If a multiday blackout in Phoenix coincided with a heat wave, nearly half the population would require emergency department care for heat stroke or other heat-related illnesses, a new study suggests.
While Phoenix was the most extreme example, the study warned that other cities are also at risk. Since 2015, the number of major blackouts nationwide has more than doubled. At the same time, climate change is helping make heat waves worse and increasing instances of extreme weather around the world.
The study, published Tuesday in the journal Environmental Science and Technology, suggests that the risk to cities would be compounded if a hurricane, cyberattack or wind storm were to knock out power during a heat wave and deprive thousands of air-conditioning.
This summer, two-thirds of North America, including the Southwest, could experience shortfalls in the electrical grid, particularly during periods of extreme heat when demand for air-conditioning spikes, straining resources, according to an analysis released this month. Phoenix’s mayor, Kate Gallego, has urged the federal government to add extreme heat to the list of disasters like floods and hurricanes that could prompt a federal disaster declaration.
The new analysis found that Phoenix, which is heavily reliant on air-conditioning to keep residents cool in the desert heat, would experience immense loss of life and illness if a citywide blackout during a heat wave lasted for two days, with power gradually restored over the next three days.
Under that scenario, an estimated 789,600 people would require emergency department care for heat-related illnesses, overwhelming the city’s hospital system, which has only 3,000 emergency department beds, the study said. An estimated 12,800 people in Phoenix would die, the study said.
“I describe this as probably the greatest climate-related hazard we can imagine: a blackout during a heat wave,” said Brian Stone Jr., the lead author of the study and a professor in the School of City and Regional Planning at the Georgia Institute of Technology.
To anticipate the effects of a prolonged loss of power during extreme heat, researchers modeled the temperatures that residents in Atlanta, Detroit and Phoenix would be exposed to on an hourly basis, if the power were on during a heat wave, and if it was not.
The researchers began by examining past temperatures in those three cities. In Phoenix, they analyzed temperatures from a July 2006 heat wave, when the average maximum temperature was 113 degrees.
Then the researchers estimated what the temperature would be at hundreds of points across the cities, not just at the airport, where the temperature is usually measured.
They estimated indoor temperatures for various residential buildings and used annual surveys collected by the U.S. Department of Labor to model how much time residents were likely to spend indoors and outdoors, depending on their age, sex, occupation and income. And the authors used census data to factor in the racial makeup of the three cities, Dr. Stone said.
In Atlanta, 11,600 people, or about 3 percent of the population, would require emergency department care if a five-day heat wave coincided with a multiday blackout, the team found. The city has only about 2,000 emergency department beds, and the scientists estimated that six people in Atlanta would die during the dual crises.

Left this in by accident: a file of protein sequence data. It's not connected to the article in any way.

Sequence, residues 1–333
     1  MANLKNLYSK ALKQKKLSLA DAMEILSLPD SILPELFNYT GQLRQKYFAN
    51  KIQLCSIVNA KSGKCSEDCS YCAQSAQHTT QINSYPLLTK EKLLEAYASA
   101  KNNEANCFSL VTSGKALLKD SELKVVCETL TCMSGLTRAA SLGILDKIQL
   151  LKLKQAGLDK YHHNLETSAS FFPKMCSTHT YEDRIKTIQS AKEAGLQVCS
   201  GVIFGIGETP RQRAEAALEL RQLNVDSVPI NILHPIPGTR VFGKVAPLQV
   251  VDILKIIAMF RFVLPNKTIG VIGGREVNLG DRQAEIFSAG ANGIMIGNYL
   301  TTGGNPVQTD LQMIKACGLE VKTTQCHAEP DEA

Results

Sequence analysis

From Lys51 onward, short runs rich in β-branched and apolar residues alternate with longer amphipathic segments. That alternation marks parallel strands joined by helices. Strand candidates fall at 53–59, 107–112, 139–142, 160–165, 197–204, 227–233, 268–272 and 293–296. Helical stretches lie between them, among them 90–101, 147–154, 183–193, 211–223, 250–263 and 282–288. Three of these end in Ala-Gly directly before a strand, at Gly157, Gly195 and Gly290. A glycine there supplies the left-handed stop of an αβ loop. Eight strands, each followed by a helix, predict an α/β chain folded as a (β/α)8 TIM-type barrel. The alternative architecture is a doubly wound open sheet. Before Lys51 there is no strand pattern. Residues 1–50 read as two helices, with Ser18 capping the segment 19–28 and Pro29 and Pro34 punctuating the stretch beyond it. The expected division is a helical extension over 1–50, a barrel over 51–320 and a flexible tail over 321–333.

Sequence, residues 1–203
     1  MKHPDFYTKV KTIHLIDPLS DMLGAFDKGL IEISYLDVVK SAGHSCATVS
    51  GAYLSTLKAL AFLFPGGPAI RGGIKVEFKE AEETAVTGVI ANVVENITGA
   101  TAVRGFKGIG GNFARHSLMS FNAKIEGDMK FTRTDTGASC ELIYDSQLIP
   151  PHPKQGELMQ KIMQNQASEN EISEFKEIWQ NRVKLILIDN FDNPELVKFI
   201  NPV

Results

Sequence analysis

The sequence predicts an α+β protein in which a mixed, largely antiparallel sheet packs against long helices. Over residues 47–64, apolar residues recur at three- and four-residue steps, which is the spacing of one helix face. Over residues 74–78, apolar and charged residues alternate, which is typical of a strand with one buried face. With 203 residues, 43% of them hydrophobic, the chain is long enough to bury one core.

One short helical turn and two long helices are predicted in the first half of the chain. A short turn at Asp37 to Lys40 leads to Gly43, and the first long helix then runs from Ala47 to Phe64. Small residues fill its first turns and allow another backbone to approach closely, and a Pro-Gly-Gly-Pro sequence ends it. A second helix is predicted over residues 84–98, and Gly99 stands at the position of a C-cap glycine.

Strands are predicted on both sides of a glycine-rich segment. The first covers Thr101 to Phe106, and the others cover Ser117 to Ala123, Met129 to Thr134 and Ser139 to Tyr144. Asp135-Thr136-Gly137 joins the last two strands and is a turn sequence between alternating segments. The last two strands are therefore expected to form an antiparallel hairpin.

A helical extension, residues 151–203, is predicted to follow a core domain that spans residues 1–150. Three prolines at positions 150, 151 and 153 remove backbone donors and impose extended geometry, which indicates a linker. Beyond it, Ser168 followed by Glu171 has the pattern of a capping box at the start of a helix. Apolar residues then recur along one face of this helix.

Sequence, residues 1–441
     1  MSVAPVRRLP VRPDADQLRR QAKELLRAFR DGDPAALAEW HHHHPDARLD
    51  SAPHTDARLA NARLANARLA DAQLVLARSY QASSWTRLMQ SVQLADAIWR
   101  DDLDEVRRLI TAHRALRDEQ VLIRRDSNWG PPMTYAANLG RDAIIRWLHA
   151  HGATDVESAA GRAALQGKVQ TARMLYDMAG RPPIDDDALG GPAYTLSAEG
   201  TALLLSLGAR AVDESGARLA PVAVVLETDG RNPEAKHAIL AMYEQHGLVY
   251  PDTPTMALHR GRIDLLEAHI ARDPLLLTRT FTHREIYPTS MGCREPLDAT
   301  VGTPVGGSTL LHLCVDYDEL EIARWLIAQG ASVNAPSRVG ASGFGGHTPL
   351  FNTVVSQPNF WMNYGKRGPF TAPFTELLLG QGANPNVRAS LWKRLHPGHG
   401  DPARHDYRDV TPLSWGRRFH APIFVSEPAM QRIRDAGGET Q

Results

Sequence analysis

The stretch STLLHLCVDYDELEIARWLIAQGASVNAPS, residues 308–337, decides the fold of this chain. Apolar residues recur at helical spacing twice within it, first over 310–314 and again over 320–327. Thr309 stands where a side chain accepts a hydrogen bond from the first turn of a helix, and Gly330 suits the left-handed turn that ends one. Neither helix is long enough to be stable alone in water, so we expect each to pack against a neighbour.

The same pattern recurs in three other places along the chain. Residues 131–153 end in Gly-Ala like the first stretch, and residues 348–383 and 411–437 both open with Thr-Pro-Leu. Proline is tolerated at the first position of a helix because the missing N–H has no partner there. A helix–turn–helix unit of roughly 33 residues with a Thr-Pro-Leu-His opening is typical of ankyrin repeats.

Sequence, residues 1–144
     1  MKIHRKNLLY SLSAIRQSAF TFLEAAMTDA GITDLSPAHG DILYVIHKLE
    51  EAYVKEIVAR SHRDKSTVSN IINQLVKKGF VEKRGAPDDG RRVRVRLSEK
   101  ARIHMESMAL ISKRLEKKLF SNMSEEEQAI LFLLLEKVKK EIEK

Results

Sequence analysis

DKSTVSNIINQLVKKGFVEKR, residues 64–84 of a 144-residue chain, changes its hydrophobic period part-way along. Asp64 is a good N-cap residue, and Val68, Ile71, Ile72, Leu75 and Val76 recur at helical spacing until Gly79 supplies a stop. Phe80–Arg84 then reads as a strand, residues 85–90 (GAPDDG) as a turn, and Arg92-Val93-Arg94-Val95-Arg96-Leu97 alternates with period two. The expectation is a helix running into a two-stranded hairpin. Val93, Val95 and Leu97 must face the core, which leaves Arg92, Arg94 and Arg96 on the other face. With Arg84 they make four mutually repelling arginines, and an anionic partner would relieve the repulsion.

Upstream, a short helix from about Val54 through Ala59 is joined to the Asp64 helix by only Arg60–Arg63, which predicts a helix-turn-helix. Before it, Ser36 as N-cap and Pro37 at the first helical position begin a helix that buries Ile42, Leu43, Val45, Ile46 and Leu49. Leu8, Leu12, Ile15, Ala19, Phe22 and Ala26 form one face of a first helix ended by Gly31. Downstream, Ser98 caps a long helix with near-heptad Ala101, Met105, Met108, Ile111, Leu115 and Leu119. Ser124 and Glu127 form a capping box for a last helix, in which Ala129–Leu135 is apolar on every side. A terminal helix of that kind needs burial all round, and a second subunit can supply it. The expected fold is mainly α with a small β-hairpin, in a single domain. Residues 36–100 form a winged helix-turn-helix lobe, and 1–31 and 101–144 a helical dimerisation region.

The team, which also included researchers from Arizona State University and the University of Michigan, found that 216 people would die during a heat wave and power failure in Detroit.
The researchers acknowledged certain limitations in their findings. For example, their model assumed that people would stay put during a heat wave and blackout. In reality, the authors noted, some people would be able to relocate and emergency workers would try to evacuate residents and set up power generators at cooling centers.
Kristie L. Ebi, a professor at the University of Washington Center for Health and the Global Environment, who was not involved in the research, called it “quite an impressive study,” that should encourage cities to think about ways to protect vulnerable residents, including pregnant women, outdoor workers and people in historically redlined communities, which have fewer trees and more heat-trapping pavement.
David Hondula, an author of the study and Phoenix’s first director of heat response and mitigation, said that while officials there have been deeply concerned about potential illnesses and deaths during a heat wave and blackout, “this is the first time we have seen a number, and it’s obviously quite an alarming number.”
There are strategies, the study said, that could help protect residents during overlapping blackouts and heat waves.
If the cities planted enough trees to shade half of their streets, deaths would drop by 14 percent in Atlanta, 19 percent in Detroit and 27 percent in Phoenix, the study said.
And if they installed highly reflective “cool roofs” on every building, deaths would drop by 21 percent in Atlanta, 23 percent in Detroit and 66 percent in Phoenix.
But as climate change is expected to increase the frequency, length and intensity of heat waves, the study projected that deaths and illnesses would rise even further.
Jane W. Baldwin, an assistant professor of earth system science at the University of California Irvine, said that the findings should underscore the importance of investing in a stronger electrical grid. That would “help prevent this terrifying compound risk in the present and will continue to pay dividends in the future as heat waves continue to worsen,” Dr. Baldwin said.